Observation of five new narrow Ωc0 excited states.
As NASA announced a few days ago the discovery of the first system of seven Earth-size planets orbiting around a single star, so LHCb unveiled today the discovery of a new system of five particles, with the observation of five new narrow Ωc0 excited states.
LHCb physicists reconstructed a highly pure sample of charmed baryons Ξc+, with quark content csu, decaying into a proton p, a kaon K– and a pion π+. The p K–π+ invariant mass spectrum is shown in the left image below. The red peaking distribution shows the Ξc+ contribution above the background indicated by the blue dashed line.
Subsequently the Ξc+ candidates were combined with K– mesons present in the same event. The Ξc+ K– invariant mass distribution obtained in this way is shown in the right image above, revealing for the first time five narrow structures with an overwhelming statistical significance. These structures are interpreted as manifestations of excited states of the Ωc0 baryon. These excited states decay into a Ξc+ baryon and a K– meson via the strong interactions, in contrast to the weak decays responsible for the three particles used to form the Ξc+ mass peak.
The Ωc0 baryon is a higher mass partner of the Ω– baryon, a particle which played a very important role in the history of particle physics. In the 1950s many different particles were discovered. Initially thought to be elementary, the ever growing list of discoveries led physicists to doubt this assumption. Therefore efforts were made to find a classification scheme in analogy to the periodic table of chemical elements. The most successful such scheme was proposed by Gell-Mann. In this model mesons and spin 1⁄2 baryons are organized into octets (Eightfold Way) while spin 3⁄2 baryons form a decuplet, as displayed in the image on the left. When the scheme was proposed, the top-most particle in the image, the Ω–, was not yet discovered, but hypothesised to exist in order to complete the pattern. The regular structure of the decuplet enabled many properties of this new particle to be predicted, including its mass. The Ω– was subsequently discovered through a single famous bubble-chamber photograph obtained at the Brookhaven laboratory in 1964 (the corresponding line diagram is shown in the right picture). This picture validated the Eightfold Way, and led Gell-Mann to propose the quark model in 1964, which explains the structure of the octets and decuplet. In the quark model the Ω– is composed of three strange quarks (sss). The Ωc0 is like a Ω–, but contains a charm (c) quark in place of one of the strange quarks.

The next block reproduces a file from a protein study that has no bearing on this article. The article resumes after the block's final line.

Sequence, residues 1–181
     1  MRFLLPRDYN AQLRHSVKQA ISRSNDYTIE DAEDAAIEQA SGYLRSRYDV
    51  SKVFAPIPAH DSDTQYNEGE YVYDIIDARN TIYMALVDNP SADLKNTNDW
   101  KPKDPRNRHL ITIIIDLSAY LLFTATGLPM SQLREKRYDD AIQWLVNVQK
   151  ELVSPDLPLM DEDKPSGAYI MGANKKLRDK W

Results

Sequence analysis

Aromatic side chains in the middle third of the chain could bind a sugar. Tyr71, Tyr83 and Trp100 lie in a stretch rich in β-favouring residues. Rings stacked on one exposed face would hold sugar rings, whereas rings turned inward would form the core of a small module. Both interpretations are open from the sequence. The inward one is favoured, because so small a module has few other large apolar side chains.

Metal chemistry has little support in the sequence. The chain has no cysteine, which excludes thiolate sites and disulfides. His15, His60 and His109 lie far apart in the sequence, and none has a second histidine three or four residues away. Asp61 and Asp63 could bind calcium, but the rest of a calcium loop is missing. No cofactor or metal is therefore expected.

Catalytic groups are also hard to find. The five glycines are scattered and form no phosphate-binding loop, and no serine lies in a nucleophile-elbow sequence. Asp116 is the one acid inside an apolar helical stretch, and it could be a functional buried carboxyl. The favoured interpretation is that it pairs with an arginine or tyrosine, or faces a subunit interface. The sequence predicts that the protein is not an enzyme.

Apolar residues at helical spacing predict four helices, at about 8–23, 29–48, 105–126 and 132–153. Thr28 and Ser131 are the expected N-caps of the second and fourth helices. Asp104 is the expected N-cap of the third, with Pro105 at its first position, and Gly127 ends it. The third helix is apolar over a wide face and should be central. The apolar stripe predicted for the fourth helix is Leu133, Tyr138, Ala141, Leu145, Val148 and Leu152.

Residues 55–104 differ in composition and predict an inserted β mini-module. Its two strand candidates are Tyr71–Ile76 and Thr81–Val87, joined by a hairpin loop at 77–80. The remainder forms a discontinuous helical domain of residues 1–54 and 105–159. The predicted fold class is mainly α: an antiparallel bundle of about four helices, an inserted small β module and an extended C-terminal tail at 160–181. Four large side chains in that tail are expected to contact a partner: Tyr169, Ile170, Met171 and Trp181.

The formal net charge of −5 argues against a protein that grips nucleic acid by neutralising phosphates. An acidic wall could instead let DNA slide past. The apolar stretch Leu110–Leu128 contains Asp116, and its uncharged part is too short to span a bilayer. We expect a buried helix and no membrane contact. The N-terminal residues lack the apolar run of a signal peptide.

The ground state of the ssc system, the Ωc0 itself, has been known about for quite some time. The discoveries announced today are excited states of this system, analogous to the excited states of atoms. These states are named the Ωc(3000)0, Ωc(3050)0, Ωc(3066)0, Ωc(3090)0 and Ωc(3119)0, where the numbers indicate their masses in MeV as measured by LHCb. By discovering these particles LHCb has reinforced the exceptional role of the Ω baryon family in the history of particle physics.
Click the images for higher resolution. More details can be found in the LHCb publication. Read more in the CERN update for the public both in English and in French and also in the PRL Synopsis.